Prayer – the Great Debate
Published 10:00 am Saturday, May 8, 2010
Should our nation’s government support individuals or groups who choose to “go to God” in prayer in a public setting?
Perhaps a better question is does that support conflict with the Constitution on which this nation was founded…a written document that calls for the separation of church and state.
The answer to either question pretty much depends on which side one chooses in this age-old debate over the National Day of Prayer.
The National Day of Prayer is an annual observance held on the first Thursday of May, designated by the United States Congress and signed into law in 1952.
While there have been groups, particularly non-believers in a power greater than man, that have actively sought to have this special day abolished, it appears now, going forward, that the courts may have a say whether or not it is permissible, based on law, to have a sitting President of the United States sign a proclamation that encourages all Americans to pray.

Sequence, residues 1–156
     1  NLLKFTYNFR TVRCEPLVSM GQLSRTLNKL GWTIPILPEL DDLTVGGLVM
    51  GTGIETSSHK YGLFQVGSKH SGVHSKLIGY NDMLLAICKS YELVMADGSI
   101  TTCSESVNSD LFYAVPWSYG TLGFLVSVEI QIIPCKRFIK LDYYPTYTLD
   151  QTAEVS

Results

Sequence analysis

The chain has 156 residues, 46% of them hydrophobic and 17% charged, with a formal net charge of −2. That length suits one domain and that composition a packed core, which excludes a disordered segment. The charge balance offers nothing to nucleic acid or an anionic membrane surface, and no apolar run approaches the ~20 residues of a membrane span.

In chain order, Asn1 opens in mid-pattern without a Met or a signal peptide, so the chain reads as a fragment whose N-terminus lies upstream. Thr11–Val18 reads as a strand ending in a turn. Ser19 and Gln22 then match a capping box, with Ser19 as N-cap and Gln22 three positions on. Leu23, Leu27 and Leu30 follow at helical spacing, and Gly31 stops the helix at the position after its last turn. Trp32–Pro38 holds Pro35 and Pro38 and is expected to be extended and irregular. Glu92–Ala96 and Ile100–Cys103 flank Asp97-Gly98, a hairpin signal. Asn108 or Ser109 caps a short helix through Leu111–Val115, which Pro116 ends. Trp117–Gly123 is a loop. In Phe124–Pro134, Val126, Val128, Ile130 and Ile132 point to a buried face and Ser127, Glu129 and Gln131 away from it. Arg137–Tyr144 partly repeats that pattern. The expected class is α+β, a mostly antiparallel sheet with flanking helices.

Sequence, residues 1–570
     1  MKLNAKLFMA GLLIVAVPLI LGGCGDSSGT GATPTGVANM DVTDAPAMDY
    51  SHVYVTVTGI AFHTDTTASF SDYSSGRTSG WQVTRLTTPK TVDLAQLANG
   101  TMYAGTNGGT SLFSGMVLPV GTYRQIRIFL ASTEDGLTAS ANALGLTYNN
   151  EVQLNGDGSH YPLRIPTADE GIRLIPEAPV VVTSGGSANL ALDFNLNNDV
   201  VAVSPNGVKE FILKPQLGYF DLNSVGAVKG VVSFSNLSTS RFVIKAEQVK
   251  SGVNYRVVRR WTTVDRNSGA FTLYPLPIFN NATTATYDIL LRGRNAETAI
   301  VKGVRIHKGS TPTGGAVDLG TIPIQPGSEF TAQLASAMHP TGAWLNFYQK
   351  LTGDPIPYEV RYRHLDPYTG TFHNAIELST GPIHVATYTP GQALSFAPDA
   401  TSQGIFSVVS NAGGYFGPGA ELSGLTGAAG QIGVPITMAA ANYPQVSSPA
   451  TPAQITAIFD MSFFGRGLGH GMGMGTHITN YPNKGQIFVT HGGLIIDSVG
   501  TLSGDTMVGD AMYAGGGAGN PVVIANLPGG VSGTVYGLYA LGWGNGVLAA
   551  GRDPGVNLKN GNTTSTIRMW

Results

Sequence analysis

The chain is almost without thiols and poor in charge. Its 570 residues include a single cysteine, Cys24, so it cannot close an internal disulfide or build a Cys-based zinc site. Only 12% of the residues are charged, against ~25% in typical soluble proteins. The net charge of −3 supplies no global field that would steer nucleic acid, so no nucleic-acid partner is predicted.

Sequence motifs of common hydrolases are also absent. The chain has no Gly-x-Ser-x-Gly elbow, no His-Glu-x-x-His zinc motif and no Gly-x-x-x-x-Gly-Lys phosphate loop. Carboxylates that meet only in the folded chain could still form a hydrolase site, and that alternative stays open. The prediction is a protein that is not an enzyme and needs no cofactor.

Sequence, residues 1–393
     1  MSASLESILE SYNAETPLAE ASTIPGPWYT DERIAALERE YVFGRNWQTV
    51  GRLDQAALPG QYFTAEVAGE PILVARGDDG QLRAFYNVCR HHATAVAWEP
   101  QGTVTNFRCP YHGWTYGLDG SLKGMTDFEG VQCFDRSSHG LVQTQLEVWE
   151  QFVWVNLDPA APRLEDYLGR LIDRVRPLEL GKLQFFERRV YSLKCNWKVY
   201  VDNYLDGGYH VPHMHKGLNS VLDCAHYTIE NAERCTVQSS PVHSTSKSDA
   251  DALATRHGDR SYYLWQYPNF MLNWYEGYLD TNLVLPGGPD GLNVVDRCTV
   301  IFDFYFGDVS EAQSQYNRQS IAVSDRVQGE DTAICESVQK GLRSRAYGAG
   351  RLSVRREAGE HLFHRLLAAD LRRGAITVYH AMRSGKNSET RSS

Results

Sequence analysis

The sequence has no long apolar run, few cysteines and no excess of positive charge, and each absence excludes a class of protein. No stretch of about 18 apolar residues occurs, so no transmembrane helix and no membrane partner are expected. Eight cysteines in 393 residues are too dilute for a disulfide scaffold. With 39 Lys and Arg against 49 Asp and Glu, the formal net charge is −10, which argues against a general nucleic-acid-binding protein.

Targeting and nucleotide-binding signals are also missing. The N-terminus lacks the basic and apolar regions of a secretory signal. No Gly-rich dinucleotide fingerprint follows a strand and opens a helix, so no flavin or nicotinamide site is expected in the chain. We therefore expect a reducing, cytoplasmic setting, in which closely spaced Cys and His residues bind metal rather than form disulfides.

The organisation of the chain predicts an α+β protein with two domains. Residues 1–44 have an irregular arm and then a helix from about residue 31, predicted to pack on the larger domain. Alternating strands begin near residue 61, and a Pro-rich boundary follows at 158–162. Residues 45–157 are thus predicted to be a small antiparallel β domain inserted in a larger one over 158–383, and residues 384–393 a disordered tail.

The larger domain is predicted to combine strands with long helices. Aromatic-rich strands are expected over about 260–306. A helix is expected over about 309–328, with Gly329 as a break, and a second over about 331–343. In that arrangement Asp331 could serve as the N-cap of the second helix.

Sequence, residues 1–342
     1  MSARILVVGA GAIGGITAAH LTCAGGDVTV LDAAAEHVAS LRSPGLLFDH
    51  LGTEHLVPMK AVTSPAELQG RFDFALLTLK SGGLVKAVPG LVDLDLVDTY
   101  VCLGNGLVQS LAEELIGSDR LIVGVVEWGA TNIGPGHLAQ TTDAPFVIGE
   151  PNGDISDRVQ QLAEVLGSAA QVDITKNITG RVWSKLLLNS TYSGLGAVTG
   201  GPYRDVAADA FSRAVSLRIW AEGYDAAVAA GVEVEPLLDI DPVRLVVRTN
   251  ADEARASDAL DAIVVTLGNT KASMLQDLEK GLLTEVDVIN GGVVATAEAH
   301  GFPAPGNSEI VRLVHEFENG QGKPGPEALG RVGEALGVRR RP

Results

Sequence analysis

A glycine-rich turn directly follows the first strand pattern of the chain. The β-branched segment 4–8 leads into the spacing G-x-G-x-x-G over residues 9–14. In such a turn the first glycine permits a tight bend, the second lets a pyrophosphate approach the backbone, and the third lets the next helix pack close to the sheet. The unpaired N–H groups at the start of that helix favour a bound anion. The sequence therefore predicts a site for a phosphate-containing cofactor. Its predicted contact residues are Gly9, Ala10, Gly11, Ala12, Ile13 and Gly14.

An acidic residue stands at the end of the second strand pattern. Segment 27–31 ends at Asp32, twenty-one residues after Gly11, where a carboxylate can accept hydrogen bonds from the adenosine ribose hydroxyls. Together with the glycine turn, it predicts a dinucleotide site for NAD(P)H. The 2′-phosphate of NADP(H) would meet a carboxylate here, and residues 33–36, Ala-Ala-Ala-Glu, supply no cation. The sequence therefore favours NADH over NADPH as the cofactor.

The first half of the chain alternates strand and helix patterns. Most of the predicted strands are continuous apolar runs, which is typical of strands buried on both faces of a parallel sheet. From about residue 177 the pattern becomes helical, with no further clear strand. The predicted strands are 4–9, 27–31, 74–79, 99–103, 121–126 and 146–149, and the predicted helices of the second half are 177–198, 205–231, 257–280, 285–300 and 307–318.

President Obama did sign such a proclamation.
Based on a lawsuit filed by the Freedom From Religion Foundation against the President, U.S. District Court Judge Barbara Crabb of Wisconsin ruled April 15 that federal law designating a National Day of Prayer and requires an annual presidential proclamation of the same violates the establishment clause of the Constitution’s First Amendment.
We are of the opinion that Judge Crabb, while sticking to the letter of the law, failed to see the bigger picture…one that the founding fathers of this great nation painted with religious overtones 234 years ago.
It shouldn’t take the signature of a President on a piece of paper to allow free Americans to gather publically for the purpose of prayer. Those who would protest such gatherings, of any religious faith, are denying Americans of their most basic rights – that of life, liberty and the pursuit of happiness.